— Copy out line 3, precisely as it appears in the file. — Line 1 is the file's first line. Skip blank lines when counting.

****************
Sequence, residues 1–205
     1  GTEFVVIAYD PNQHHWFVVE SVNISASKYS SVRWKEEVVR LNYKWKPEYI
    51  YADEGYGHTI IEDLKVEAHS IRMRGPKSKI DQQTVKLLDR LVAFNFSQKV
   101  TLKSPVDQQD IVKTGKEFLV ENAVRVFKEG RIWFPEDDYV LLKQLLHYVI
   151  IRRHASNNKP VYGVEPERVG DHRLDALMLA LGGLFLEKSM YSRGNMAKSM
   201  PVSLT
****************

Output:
    51  YADEGYGHTI IEDLKVEAHS IRMRGPKSKI DQQTVKLLDR LVAFNFSQKV